It feels a bit disingenuous to draw parallels between this and what alt worship does in the church, but i keep tripping over them. For the art critic, whose noble intention is to hold the purity of art [because, no doubt, art has a unique way of intriguing, delighting and transforming them], Mona is a question mark to all the rules that have made that job possible. Putting this amount of art into the hands of someone who’s a bit mad [who dared to get wealthy from gambling, as every story about him seems to emphasise], who then transfers the power of making sense of it all to the viewer, is ridiculously risky. People may well go away with a distorted meaning. They might go away with a different story to that which the artist intended. They might get it wrong.
It’s all too familiar…
And yet, it’s impossible to walk around Mona without responding in some way. It would be my ultimate dream to create a space that moves people in the complicated, multiple ways that this one does. Mona legitimates the ordinary person’s response to the extraordinary. It validates everyone who has left a gallery wanting to lose themselves in the art, but unable to shake the anxiety that goes with wondering whether you’ve got it right. It says ‘this is your space’ in a way that should make every formal art gallery jealous. And it takes the meaning making away from those who have clasped the power for too long.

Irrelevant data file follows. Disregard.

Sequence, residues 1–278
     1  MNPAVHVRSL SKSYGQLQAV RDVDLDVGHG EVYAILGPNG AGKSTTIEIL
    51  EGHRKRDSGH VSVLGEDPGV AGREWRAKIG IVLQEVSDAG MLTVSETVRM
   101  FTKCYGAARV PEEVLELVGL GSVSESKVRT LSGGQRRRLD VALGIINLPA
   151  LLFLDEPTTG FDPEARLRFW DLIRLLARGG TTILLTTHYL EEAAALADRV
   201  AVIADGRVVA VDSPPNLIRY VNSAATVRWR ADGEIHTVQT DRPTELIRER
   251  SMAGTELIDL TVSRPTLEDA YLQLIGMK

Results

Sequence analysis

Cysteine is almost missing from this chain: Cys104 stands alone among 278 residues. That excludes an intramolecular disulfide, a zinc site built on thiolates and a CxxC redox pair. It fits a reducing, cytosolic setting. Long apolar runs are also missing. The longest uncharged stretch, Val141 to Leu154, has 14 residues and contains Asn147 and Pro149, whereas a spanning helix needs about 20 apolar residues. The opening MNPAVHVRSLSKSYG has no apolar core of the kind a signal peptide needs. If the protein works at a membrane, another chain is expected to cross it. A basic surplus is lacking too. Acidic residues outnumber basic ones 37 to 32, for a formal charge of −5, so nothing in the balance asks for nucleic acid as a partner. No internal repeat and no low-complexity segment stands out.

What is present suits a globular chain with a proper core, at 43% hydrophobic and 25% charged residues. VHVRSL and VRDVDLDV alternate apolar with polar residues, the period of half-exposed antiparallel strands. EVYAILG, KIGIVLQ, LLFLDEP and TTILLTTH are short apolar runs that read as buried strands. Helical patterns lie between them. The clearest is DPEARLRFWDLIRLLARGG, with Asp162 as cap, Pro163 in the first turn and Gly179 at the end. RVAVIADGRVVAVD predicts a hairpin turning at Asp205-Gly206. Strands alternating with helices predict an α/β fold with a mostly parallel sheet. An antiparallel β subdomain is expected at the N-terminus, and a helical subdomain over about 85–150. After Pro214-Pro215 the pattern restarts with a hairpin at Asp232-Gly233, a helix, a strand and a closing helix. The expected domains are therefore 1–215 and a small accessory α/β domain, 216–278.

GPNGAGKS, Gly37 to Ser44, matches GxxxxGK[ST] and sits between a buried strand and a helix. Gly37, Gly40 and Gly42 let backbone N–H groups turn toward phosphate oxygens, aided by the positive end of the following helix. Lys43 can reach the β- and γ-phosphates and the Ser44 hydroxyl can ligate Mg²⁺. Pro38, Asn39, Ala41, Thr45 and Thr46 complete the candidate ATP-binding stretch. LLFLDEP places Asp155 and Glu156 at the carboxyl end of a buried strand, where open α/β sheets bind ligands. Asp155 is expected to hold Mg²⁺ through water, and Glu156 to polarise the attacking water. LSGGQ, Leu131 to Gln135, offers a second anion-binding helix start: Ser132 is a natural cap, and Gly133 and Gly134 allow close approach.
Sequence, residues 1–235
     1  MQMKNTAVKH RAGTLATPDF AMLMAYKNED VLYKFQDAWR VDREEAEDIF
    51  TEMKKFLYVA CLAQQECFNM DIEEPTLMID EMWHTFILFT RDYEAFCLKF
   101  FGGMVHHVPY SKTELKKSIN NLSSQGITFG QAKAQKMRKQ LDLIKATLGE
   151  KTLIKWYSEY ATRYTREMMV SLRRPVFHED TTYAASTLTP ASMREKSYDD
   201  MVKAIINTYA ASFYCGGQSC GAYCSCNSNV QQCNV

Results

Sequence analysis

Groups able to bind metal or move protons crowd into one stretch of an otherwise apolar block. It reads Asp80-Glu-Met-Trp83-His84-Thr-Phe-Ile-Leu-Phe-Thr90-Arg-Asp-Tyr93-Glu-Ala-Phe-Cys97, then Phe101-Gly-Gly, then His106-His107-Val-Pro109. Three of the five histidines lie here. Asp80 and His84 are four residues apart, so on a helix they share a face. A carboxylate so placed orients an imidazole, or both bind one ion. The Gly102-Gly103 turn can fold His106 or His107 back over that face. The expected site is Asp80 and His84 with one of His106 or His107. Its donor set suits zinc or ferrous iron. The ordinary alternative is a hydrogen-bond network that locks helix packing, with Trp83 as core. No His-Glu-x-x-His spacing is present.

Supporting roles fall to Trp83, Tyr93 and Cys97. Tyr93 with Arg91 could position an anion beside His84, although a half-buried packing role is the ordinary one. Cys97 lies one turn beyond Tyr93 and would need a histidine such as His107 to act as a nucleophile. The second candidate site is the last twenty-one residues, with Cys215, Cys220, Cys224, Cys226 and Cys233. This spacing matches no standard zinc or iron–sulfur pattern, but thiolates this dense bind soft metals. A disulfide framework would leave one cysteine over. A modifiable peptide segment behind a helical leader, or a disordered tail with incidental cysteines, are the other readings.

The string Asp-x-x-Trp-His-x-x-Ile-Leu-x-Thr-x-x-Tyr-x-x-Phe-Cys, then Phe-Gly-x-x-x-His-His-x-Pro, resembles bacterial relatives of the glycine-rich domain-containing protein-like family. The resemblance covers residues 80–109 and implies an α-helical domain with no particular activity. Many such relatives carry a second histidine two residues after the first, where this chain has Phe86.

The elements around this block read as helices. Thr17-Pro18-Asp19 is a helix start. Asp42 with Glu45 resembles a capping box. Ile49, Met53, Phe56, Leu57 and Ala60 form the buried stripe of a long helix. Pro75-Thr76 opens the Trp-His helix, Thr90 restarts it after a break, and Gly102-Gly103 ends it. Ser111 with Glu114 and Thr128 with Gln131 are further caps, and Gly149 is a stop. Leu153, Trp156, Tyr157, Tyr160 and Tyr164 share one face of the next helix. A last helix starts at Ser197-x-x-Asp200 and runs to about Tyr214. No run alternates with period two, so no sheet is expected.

From Paul O’Neill’s interview with Okwui Enwezor in Curating Subjects:
PO’N: In an interview with Carol Becker for Art Journal in 2002, you said that you wanted to “make distinctions between curating within the canon and curating within culture.” What are these distinctions and how were they explored in your projects ?
OE: I have always tried to work outside of the canon and to do it within culture. This is not to say that the canon is bad but the canon already has a highly circumscribed notion of what artistic practice could be. I think this is already embedded within a very large historical determination that is in many ways very much set. It is un-giving. I am really interested in curating within culture, even when I am drawing from the canon in order to unsettle the kind of methodological issues that have become so situated in one place.
To curate within culture is to take a space of culture in the present as an open place of working and that means that you have a greater mobility in terms of bringing in procedures of making art that may not yet have a place in the broader context of contemporary art.
I’m so interested in finding the kinds of spaces where it becomes possible for transformation to occur. What drew me first to the quote above is that it echoes just a little of what we’re trying to do when we curate spaces in the basement or prison – to curate within culture, not within canon; to let go of the canon when it no longer helps us discover the art. I think Mona does the same [though obviously with literally a million times more than the budget, knowledge and expertise that we have!]. There’ll be people that hate it, and find it alienating – which is why it’s an alternative, not the mainstream – and there’ll be people who find a home in this that they never once imagined might exist.